Facebook Inc. pulled tens of millions of user posts that violated its terms of service in the past six months, according to its biannual transparency report on Wednesday. This has become a customary company announcement, just like a quarterly earnings report.
What is new is the addition of data from Instagram for the first time that underscores the depth of content violations on the photo-sharing app. Millions of posts on child pornography, the sale of drugs and firearms, terrorism and suicide and self-injury were removed from Instagram in the third quarter, Facebook revealed.
The inclusion of Instagram in its report adds another layer to Facebook’s ever-evolving fight against illegal and objectionable content. Facebook has poured billions of dollars into making its site safer and less vulnerable to outside influences, and breaking out data about Instagram shows the progress it is making when monitoring billions of photos and videos.
In a conference call with reporters, Chief Executive Mark Zuckerberg and members of the Facebook community standards team laid out the numbers for Instagram: Removal of 753,700 pieces of content relating to child nudity or sexual exploitation of children, up 47% from the second quarter; 133,300 instances of terrorist propaganda, up 25%; 1.5 million pieces linked to the sale of drugs, about the same as the second quarter; and 845,000 items related to suicide and self-injury, roughly the same as the previous quarter.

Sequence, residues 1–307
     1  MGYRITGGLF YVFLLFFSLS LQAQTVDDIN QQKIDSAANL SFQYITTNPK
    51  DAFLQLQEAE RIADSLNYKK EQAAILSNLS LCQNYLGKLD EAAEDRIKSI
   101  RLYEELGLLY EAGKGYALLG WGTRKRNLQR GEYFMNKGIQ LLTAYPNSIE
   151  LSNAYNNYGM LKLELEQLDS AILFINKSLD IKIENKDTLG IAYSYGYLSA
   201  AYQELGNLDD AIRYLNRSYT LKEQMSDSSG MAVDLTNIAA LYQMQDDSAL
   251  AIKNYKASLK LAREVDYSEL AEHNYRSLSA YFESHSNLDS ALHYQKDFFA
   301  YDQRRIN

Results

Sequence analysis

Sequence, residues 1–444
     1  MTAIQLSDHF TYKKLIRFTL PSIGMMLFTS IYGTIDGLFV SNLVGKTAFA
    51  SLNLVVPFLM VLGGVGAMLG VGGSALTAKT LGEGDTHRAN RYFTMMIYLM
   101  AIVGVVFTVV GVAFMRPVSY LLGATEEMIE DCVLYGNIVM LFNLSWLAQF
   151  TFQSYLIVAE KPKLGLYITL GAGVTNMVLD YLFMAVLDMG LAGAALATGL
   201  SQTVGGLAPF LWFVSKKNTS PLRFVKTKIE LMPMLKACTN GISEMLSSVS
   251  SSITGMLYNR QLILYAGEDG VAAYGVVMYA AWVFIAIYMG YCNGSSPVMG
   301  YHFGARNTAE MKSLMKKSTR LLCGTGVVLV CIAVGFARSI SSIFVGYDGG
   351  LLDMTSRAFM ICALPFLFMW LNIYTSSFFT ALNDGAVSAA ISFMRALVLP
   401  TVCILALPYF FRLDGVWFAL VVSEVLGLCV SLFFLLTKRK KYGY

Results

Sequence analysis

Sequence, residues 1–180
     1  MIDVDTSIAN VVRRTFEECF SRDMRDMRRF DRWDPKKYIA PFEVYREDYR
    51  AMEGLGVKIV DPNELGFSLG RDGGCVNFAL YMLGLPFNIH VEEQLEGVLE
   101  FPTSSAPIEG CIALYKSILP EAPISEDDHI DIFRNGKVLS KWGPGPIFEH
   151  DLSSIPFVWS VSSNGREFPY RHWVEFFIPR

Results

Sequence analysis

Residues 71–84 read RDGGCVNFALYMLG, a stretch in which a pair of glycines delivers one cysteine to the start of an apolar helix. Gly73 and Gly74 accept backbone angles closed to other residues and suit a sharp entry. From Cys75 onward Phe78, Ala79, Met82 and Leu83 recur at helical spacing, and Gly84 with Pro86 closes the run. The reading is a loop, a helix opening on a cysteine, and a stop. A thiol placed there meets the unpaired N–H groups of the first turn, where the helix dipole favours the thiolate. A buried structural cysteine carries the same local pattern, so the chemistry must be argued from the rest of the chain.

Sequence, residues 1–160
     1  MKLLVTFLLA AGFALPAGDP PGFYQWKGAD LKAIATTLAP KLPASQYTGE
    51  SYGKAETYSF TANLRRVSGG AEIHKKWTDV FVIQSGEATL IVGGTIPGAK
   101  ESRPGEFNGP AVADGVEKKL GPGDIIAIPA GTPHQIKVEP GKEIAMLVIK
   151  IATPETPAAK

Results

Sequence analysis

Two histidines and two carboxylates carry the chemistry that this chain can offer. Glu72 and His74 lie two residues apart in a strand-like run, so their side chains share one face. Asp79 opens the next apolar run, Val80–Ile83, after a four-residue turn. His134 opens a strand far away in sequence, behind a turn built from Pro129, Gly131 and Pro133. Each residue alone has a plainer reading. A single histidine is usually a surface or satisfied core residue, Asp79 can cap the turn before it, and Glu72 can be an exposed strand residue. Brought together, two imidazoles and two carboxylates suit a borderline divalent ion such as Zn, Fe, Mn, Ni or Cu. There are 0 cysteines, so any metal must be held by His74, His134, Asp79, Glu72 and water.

The numbers for Facebook FB, -0.66% in general give an idea on the sheer scale of illegal content that courses through a platform used by roughly 2.5 billion people worldwide.
Facebook said it removed 1.7 billion fake accounts in the third quarter, down from 2.2 billion in the first quarter. “Because we are blocking more attempts to create fake, abusive accounts before they are even created, there are fewer for us to disable,” Facebook said in the report.
The social-networking giant said it expunged 11.6 million pieces of content related to child pornography in the quarter ended in September. (Facebook said its software algorithms and heavy dependence on artificial intelligence was able to detect 99% of that content.)
The company removed 4.4 million pieces of content related to drug sales and 2.3 million related to firearm sales in the third quarter — up from 841,000 and 609,000, respectively, six months earlier.
One interesting note is that terrorism propaganda was harder to identify on Instagram than on Facebook. Facebook said it detected and removed 98.5% of all terrorism content — on Instagram, the figure was 92.2%.
All told, the numbers illustrate the flood of challenges Facebook and other social-networking services like Snap Inc. SNAP, +0.63% and Twitter Inc. TWTR, +0.10% constantly face. Facebook’s status as the largest communications platform has led to several high-profile congressional hearings in which Zuckerberg has had to explain to federal lawmakers what measures his company is taking to clean up objectionable content.